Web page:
One week before the scheduled CS, the patient presented to the Obstetrics Emergency Department in active labor. She was immediately transferred to the Labor and Delivery Unit. Preoperative evaluation was remarkable only for history of brainstem AVM that bled three years before the current admission. The patient and her family understood all risks of the procedure and agreed with a placement of a combined spinal continuous lumbar epidural. The procedure was uneventfully performed in the operating room after standard American Society of Anesthesiologists monitors being placed. It consisted of an intrathecal injection of 20 µg of fentanyl and slow and gradual epidural injection of lidocaine 2% without epinephrine through the lumbar epidural catheter. The total amount of local anesthetic administered was 14 ml (280 mg) in 25 minutes, reaching T5 level. The CS and the postoperative period were unremarkable. At the end of the surgical procedure, 2 mg of morphine was injected in the epidural space followed by uneventful epidural catheter removal. Postoperative pain control was done with morphine patient-controlled analgesia (PCA) indicated and managed by the primary team. Tubal ligation was discussed with the patient who refused it. During that admission, Neurosurgery reevaluated the patient, but there were no new suggestions. The patient was discharged home on the postoperative day 8 without complications. She was contacted by phone one week after discharge and denied any issues at that time. During the preparation of this manuscript, the patient was contacted again and verified that she remains asymptomatic.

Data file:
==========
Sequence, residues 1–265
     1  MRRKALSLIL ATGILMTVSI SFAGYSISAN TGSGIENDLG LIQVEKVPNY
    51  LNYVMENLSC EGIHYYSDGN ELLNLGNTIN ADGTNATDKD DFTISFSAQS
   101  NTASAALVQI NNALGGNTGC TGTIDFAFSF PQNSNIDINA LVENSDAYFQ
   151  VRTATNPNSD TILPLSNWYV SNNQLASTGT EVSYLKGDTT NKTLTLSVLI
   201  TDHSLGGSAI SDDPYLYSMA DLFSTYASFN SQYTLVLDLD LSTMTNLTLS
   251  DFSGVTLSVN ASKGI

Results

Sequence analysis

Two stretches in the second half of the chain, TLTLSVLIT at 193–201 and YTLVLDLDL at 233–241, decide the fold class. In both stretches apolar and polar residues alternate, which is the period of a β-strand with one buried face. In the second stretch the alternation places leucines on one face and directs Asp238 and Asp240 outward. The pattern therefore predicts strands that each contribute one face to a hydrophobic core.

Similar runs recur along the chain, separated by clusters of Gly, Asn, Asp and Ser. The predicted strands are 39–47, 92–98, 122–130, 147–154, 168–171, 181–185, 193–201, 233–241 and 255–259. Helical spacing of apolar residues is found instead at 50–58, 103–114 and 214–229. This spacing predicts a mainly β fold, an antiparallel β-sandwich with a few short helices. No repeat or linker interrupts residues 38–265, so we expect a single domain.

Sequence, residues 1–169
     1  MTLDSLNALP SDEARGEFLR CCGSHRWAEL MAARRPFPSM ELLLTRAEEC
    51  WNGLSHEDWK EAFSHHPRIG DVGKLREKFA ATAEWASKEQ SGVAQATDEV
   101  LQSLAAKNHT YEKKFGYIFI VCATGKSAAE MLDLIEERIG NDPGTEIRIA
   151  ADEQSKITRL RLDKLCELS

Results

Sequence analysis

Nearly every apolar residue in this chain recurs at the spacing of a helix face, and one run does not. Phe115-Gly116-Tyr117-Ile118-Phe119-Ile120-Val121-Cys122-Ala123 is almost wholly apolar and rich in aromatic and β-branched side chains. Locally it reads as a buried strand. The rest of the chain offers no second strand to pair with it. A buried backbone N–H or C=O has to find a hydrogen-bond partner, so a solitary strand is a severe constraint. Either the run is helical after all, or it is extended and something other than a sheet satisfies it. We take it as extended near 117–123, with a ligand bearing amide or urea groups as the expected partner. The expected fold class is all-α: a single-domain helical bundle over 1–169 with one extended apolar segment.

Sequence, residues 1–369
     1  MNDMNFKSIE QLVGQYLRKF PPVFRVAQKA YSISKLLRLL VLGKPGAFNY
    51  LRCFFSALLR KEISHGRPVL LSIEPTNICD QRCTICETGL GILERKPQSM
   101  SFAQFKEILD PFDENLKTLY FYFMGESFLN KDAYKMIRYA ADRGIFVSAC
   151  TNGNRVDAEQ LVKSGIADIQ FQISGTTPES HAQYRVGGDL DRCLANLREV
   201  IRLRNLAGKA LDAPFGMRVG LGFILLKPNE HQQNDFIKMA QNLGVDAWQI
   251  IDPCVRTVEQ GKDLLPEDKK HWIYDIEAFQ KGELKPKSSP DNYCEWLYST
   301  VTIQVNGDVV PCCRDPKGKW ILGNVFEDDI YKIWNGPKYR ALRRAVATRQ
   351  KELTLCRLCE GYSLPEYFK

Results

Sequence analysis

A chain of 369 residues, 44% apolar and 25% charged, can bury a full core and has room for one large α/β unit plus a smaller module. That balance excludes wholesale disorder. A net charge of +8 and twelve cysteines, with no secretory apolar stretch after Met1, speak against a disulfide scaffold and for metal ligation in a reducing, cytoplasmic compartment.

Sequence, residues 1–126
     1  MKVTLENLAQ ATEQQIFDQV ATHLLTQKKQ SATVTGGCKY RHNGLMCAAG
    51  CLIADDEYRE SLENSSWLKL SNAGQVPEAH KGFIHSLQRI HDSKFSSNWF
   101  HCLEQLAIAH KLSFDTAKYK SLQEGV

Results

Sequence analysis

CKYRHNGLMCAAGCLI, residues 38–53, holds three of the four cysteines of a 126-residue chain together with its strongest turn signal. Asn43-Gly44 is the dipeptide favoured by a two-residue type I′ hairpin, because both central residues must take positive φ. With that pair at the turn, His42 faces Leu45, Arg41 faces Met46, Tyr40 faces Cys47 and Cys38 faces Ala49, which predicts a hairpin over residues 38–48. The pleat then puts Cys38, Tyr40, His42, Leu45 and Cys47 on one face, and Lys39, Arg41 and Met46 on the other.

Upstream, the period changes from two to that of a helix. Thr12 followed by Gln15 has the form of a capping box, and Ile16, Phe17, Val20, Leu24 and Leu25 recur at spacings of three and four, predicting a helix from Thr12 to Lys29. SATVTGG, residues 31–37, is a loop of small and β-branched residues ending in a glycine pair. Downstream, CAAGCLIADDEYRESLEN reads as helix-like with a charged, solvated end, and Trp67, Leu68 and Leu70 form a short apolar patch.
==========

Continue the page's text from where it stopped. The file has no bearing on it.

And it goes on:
Superimposed on the rarity of AVMs in general, this pathology in the brainstem is even more rare, representing approximately 5% of all encephalic AVMs . Further, infratentorial lesions present a higher risk of rupture compared to supratentorial AVMs . Taken together, a CM junction AVM in active labor produced a highly uncommon surgical case. The greatest dilemma we confronted in this case was the choice of an anesthetic plan that would preserve cardiovascular stability throughout active labor. Despite the fact that her vital signs were stable and with normal limits, the sympathetic response to the dilation of the uterine cervix could lead to a catastrophic event if it was not interrupted. Even though general endotracheal anesthesia, spinal, and continuous lumbar epidural would not be contraindicated in this case, our choice was to perform a combined spinal continuous lumbar epidural. The initial intrathecal injection of fentanyl provided immediate pain relief and subsequent reduction of the sympathetic activity. The patient became more comfortable, facilitating the epidural placement of the catheter. The use of lidocaine 2% without epinephrine was another quick decision that had to be made. An accidental intravascular injection of local anesthetic containing epinephrine could lead to a massive increase of cardiac output with a tragic outcome. The vasodilation secondary to the sympathetic nervous system block or sympathectomy, especially the venodilation, is imperative to accommodate the extra volume of blood following delivery and physiological autotransfusion.